Stone circles of Junapani
|Stone circles of Junapani|
Marathi: जुनापाणी येथील शिळावर्तुळे
Stone circle at Junapani
|Location||Dist. Nagpur, Maharashtra.|
|Governing body||Archeological Survey of India|
The stone circles of Junapani are prehistoric megalithic circles in Junapani, near Nagpur in the Indian state of Maharashtra. There are about 300 such stone circles noted around Junapani. They were first excavated by J. H. Rivett-Carnac in 1879, yielding a variety of iron objects including daggers, flat axes with cross-ring fasteners, hoes, rings, bracelets, horse bits, chisels with long blades, and pointed tongs, possibly covered with a wooden handle. There is also evidence of black and red pottery, such as bowls featuring linear paintings in black. The burial sites were characterized by cairns. About 150 stone circles have been studied and documented. A notable feature is the cup-marked stones in the circles which seem to suggest an astronomical significance. This aspect has been discerned from the fact that the cup-marked stones are fixed at specific locations denoting specific directions.
These structures are designated by the Archeological Survey of India (ASI) as monuments of national importance. The site was excavated by ASI in 1962 which unearthed three stone circles. The Tata Institute of Fundamental Research (TIFR) has funded additional studies.
The stone circles of Junapani is an uninhabited burial site containing Sepulchral megaliths with remains of the dead. These are found in a small area, about 10 kilometres (6.2 mi) northwest of Nagpur city in central India, in the Vidharba region. They are of fairly large size, visible on Google Earth, and grouped near banks of rivers. It is located on the highway to Katol and forms the northern fringe of central India's megalith distribution.
Human habitation in the region is dated to 1000 BC and continues to exist to present day. The area was an important part of the north south corridor of India. The megaliths found here are dated from 1000 BC to 300 AD. This assessment is based on the many antiquaries unearthed from the Sepulchral of the megalithic period. The iron implements found here denote a period of around 1000 BC. These are identified by local communities of different clans. One particular feature noted in these circles is the placement of stones with cup marks. It is inferred that these circles have nothing in common with the menhirs, dolmens and other non-sepulchral and sepulchral megalithic structures of South India. Rivett Carnac was the first to report on his excavation of stone circles of Junapani, in 1879.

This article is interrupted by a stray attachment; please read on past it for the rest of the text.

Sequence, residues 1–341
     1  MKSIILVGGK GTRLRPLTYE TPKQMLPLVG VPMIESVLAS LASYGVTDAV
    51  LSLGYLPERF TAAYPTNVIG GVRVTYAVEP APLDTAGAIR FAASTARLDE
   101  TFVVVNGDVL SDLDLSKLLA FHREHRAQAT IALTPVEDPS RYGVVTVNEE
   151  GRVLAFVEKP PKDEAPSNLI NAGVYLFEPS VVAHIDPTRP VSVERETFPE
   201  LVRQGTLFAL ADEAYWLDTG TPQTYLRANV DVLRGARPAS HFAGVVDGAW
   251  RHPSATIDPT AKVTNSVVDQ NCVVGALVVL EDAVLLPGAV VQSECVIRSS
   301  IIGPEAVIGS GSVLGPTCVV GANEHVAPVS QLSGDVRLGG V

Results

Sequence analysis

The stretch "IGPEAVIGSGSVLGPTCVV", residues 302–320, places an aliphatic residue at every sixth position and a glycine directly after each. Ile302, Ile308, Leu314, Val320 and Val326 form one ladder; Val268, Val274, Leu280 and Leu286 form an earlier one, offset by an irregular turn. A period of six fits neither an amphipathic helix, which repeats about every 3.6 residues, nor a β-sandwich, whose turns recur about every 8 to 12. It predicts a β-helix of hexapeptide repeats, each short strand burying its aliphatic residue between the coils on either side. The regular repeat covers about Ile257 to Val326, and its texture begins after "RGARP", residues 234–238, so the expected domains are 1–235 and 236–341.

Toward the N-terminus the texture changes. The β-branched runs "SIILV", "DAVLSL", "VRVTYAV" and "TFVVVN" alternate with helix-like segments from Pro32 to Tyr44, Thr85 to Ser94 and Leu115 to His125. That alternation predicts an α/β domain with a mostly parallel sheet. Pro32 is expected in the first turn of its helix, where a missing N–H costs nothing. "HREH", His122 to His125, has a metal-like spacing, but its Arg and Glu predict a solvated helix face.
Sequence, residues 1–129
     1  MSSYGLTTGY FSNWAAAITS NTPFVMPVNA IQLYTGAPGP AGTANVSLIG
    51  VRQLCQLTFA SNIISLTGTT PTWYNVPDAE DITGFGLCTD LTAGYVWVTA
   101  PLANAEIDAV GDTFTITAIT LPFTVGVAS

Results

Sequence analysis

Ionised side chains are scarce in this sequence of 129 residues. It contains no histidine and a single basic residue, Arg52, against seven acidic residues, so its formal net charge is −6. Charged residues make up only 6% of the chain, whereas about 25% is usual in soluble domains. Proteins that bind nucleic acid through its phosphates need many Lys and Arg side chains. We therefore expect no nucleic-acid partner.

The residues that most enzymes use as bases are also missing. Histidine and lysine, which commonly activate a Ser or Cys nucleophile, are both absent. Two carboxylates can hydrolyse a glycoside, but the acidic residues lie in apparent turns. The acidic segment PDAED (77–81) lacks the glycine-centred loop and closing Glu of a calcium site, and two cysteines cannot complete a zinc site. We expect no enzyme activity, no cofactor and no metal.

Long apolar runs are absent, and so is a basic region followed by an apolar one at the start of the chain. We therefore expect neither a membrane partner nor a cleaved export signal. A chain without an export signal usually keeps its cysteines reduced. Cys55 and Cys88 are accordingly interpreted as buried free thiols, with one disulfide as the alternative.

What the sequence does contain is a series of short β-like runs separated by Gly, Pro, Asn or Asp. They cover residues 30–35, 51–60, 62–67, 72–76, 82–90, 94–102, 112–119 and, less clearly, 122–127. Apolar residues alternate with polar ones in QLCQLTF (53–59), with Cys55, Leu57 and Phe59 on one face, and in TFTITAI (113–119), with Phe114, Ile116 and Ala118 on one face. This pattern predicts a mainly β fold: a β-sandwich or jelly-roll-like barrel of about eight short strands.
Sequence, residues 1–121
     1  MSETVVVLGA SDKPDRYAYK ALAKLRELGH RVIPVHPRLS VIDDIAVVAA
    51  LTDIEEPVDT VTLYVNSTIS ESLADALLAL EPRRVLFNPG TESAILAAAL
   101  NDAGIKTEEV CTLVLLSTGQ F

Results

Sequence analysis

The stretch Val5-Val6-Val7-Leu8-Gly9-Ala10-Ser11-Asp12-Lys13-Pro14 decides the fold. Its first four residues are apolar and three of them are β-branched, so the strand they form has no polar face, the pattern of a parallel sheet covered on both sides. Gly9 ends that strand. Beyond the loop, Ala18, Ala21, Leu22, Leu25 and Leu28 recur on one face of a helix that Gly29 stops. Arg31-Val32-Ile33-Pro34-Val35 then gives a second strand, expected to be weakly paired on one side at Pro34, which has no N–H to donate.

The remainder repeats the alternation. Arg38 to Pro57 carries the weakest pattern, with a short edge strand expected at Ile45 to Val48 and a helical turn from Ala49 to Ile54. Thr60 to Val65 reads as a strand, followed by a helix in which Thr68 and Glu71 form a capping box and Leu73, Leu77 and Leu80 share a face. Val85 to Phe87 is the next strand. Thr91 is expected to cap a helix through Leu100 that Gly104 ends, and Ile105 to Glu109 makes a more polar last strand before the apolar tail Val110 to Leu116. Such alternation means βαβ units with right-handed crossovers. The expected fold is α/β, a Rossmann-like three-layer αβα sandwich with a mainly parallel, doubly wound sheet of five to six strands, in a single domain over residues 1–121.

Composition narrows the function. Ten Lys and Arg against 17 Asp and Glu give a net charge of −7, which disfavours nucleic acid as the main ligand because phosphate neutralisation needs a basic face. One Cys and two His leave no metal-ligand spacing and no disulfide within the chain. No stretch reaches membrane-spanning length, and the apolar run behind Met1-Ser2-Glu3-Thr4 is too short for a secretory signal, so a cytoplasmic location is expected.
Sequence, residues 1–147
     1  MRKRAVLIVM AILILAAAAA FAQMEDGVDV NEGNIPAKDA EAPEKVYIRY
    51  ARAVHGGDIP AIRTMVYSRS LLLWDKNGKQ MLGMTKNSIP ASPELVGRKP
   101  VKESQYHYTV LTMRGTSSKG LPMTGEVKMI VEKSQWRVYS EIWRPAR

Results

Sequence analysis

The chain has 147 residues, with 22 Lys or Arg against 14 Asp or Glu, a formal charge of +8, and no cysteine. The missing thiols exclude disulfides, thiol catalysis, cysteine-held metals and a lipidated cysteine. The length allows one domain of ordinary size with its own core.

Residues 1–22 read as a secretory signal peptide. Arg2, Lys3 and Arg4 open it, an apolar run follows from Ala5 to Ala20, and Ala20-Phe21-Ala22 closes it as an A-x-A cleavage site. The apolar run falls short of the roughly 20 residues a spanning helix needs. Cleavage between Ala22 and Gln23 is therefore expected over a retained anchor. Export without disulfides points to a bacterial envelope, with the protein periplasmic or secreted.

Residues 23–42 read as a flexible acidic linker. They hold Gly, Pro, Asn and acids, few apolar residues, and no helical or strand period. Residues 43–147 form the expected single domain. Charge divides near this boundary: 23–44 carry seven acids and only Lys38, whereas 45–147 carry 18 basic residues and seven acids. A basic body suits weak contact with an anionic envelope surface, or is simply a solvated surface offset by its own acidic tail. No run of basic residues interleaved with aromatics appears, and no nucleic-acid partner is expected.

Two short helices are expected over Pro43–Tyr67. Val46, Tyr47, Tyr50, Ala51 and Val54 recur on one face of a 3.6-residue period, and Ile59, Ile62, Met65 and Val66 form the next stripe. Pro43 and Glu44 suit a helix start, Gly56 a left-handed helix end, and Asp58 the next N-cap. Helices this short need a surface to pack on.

Junapani is the second largest site, with 150 stone circles of megalithic period, out of 51 sites around Nagpur Region, and 89 in the Vidharba Region. B.K. Thapar was involved with excavations of the site in 1961. Initially, three stone circles were unearthed of which two circles revealed human remains associated with funerary objects; an animal skeleton of the Equidae (horse) family was also found. During these excavations, only cup-marked stones in the stone circles were noted. To establish the significance of these cup marks, which are fixed with specific orientation, TIFR instituted studies to establish if these stone circles have any link with astronomy or cosmogony of the people of the area.
The funerary antiquaries at this megalithic burial site are painted red pottery (a few with Megalithic Graffiti Symbols), micaceous red and the coarse red ware. These finds are identical to similar finds from other locations in the region such as from Kaundinyapura, Paunar, Takalghat and Khapa, west of Nagpur; the last two sites were excavated in 1968 on both banks of the Krishna River.
TIFR studies (including mapping) have so far covered 56 stone circles and most of them are found to be in a good state of preservation; they are of a few meters diameter. Cup marks have been recorded on 20 of these circles, with seven having marks on the sides. From an analysis of the location of these cup circles, it has been noted that the cup-marks with parallel lines or orthogonal sequences are seen either in a straight line or with a ‘+’ sign form, and also that the ‘+’ sign lines are aligned radially or tangentially within or around the circle with a definite orientation. A specific angular range has also been recorded in all the cup marks, which are in the form of 3 clusters.
The cup marks are a few centimeters in length, specifically located along the stone circles are indicative of locating them with orientation towards the sky with specific angles with respect to the north. The directions recorded are 118, 208 and 334 degrees to the north. These could be stellar oriented to show the rising and setting times of specific stars and weather changes over the seasons, and setting of the monsoon season, in particular.
There are many other finds reported from this site. A copper bell with iron tongue was located in one of the circles. In three circles excavated, heaps of sticky black clay was found heaped around the funerary finds. Many types of Iron implements were also found here attesting to the site’s title as “iron-using”. Find of stone pestle has also been reported. B.K. Thapar found Middle Stone Age tools here.
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